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One of the more visible consequences of climate change is playing out in California. In recent years, wildfires have grown measurably more intense thanks to climate change. They burn hotter and faster, leading to catastrophes like the Camp Fire north of San Francisco, which virtually obliterated the 27,000-person town of Paradise, becoming the deadliest and most destructive wildfire in state history. It’s a matter of terrible timing: Usually California gets at least a little bit of rain in the fall that rehydrates vegetation, but no longer. This dryness coincides with seasonal winds that whip in from the east, further drying out vegetation and providing a turbo boost for fires.

Then in late 2019, Australia suffered an unprecedentedly brutal fire season, giving the world perhaps the most dramatic manifestation of the climate crisis to date. In an average year, 1 percent of Australia’s famous eucalyptus forests might burn. But in the 2019–2020 fire season, 21 percent went up in flames, obliterating whole ecosystems and likely dooming many species into extinction. The conflagrations were so bad, models predicted it would be 80 years before something like that happened.

Meanwhile, at the Earth’s poles, landscapes are transforming quickly and dramatically. The Arctic and Antarctica are warming twice as fast as the rest of the planet, which is of course leading to the rapid melting of glaciers, which in turn raises sea levels. But the land itself is also in literal upheaval. As frozen soils known as permafrost rapidly thaw, [massive holes]( are opening up in the Arctic. This releases CO2 and the even more potent greenhouse gas, methane, kicking off a terrible feedback loop: More emissions from the Arctic landscape means more warming, and more thawing, and more emissions.

As glaciers continue to pour meltwater into the ocean, sea levels are quickly climbing. And it’s not just the volume of extra water in the oceans that people have to worry about: As water warms, it expands, pushing sea levels even higher. Miami is already seeing more severe flooding, and on the other side of the world in Indonesia, Jakarta is both drowning in rising seas and sinking because the city has pumped up too much groundwater, leaving the land to collapse like an empty water bottle.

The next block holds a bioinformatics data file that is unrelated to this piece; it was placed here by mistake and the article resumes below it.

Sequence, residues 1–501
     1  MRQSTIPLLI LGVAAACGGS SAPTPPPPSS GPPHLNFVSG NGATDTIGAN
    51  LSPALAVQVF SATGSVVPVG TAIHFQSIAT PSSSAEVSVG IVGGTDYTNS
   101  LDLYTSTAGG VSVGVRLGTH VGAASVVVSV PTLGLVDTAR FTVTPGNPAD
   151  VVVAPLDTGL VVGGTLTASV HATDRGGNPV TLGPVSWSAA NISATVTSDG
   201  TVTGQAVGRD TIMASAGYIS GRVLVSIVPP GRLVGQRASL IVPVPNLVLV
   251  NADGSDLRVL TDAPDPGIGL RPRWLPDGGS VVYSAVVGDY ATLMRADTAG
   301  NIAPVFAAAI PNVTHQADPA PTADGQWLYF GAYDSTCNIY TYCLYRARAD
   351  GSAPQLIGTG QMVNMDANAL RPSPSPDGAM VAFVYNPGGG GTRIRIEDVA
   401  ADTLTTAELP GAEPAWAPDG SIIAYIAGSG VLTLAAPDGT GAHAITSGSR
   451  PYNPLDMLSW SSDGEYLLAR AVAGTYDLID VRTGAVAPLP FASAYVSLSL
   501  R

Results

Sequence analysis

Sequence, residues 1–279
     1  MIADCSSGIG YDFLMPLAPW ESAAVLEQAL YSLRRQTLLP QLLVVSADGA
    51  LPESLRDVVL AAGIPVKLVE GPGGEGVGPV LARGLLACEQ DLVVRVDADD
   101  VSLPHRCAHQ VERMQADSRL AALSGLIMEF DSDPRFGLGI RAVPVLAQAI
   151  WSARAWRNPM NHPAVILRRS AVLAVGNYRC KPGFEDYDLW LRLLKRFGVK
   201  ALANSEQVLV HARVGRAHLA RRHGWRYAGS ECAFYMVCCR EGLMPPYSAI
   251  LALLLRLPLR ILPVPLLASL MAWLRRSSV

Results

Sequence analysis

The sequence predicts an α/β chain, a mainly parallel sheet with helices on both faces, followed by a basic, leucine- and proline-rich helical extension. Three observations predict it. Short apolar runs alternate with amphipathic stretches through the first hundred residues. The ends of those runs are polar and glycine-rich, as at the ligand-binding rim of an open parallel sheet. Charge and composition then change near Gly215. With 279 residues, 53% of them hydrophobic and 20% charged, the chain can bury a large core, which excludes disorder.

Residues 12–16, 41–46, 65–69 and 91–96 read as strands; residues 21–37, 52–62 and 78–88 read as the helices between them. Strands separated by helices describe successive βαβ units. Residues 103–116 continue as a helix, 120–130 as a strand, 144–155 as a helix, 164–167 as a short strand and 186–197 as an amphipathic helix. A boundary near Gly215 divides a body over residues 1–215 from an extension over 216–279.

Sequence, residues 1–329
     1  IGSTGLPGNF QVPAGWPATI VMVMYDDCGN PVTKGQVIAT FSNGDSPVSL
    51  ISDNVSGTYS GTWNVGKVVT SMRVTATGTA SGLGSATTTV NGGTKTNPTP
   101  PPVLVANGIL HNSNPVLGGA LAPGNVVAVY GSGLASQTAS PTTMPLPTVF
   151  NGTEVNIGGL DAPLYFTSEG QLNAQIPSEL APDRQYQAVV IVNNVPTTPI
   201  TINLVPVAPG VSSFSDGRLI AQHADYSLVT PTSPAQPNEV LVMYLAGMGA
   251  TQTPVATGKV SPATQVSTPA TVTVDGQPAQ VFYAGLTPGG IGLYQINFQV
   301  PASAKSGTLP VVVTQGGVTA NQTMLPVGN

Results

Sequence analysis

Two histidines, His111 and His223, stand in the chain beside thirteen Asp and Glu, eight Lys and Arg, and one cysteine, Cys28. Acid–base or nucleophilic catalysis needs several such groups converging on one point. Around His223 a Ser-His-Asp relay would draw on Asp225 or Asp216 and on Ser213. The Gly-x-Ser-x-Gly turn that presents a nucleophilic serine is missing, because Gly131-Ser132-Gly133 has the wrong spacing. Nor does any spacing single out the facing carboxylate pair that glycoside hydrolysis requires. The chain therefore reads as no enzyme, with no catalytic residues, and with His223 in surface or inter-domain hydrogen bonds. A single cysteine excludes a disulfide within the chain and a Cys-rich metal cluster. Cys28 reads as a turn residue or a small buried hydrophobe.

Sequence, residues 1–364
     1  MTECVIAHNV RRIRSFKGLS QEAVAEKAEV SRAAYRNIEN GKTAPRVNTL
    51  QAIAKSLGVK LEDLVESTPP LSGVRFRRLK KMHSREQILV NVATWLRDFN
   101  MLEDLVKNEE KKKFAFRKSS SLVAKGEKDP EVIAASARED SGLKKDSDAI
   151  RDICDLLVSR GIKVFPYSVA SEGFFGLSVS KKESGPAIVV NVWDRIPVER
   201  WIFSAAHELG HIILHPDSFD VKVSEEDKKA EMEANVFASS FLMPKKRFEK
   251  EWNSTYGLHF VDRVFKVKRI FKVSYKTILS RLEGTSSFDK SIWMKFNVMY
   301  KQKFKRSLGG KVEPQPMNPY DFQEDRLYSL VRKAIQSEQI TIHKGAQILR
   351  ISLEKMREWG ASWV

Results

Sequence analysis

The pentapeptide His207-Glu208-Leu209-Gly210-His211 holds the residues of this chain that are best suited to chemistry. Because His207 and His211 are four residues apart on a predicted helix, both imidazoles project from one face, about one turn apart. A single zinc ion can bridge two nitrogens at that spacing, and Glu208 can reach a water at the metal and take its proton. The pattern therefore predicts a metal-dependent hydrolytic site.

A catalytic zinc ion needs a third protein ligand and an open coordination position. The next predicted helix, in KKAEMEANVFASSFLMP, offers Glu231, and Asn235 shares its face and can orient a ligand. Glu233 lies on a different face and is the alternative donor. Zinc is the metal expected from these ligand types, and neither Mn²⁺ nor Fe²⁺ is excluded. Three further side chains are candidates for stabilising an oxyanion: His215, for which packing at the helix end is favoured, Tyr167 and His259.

All of this has led 97 percent of climate scientists to agree that warming trends are very likely the result of human activity. And in 1988, that bulk of research led to the founding of the United Nations’ Intergovernmental Panel on Climate Change, which has now issued five assessment reports documenting all the available scientific, technical, and economic information on climate change. The fourth report, in 2007, was the first to clearly state that the climate was unequivocally warming—and that human-created greenhouse gases were very likely to blame.

Just because the panel came to a consensus doesn’t mean everyone else did, though. In 2009, climate scientists had their own WikiLeaks scandal, when climate deniers released a trove of emails from scientists, including the one behind the famous 1999 “hockey stick” graph showing a sharp upturn in global temperature after the Industrial Revolution—one that was clearly sharper than the many global warmings and coolings the Earth has seen. Excerpts taken out of context from those emails showed that researcher, Michael Mann, purportedly conspiring to statistically manipulate his data. Placed back in context, they clearly didn’t.

Political controversy has continued to call into question scientists’ consensus on data supporting the concept of human-caused climate change, motivated by the financial incentives of the fossil fuel industry. But in 2015, the world’s leaders appeared to transcend those squabbles. On December 12, after two weeks of deliberations at the 21st United Nations Conference on Climate Change in Le Bourget, France, 195 countries agreed on the language in what’s known as the Paris agreement. The goal is to keep average global temperature increase to below 2 degrees Celsius above pre-Industrial levels, and as close to 1.5 degrees as possible. It does so by having each country submit a commitment to reduce emissions and collectively bear the economic burden of a shift from fossil fuels—while acknowledging that developing nations would be denied a certain amount of growth if they had to give up cheap energy.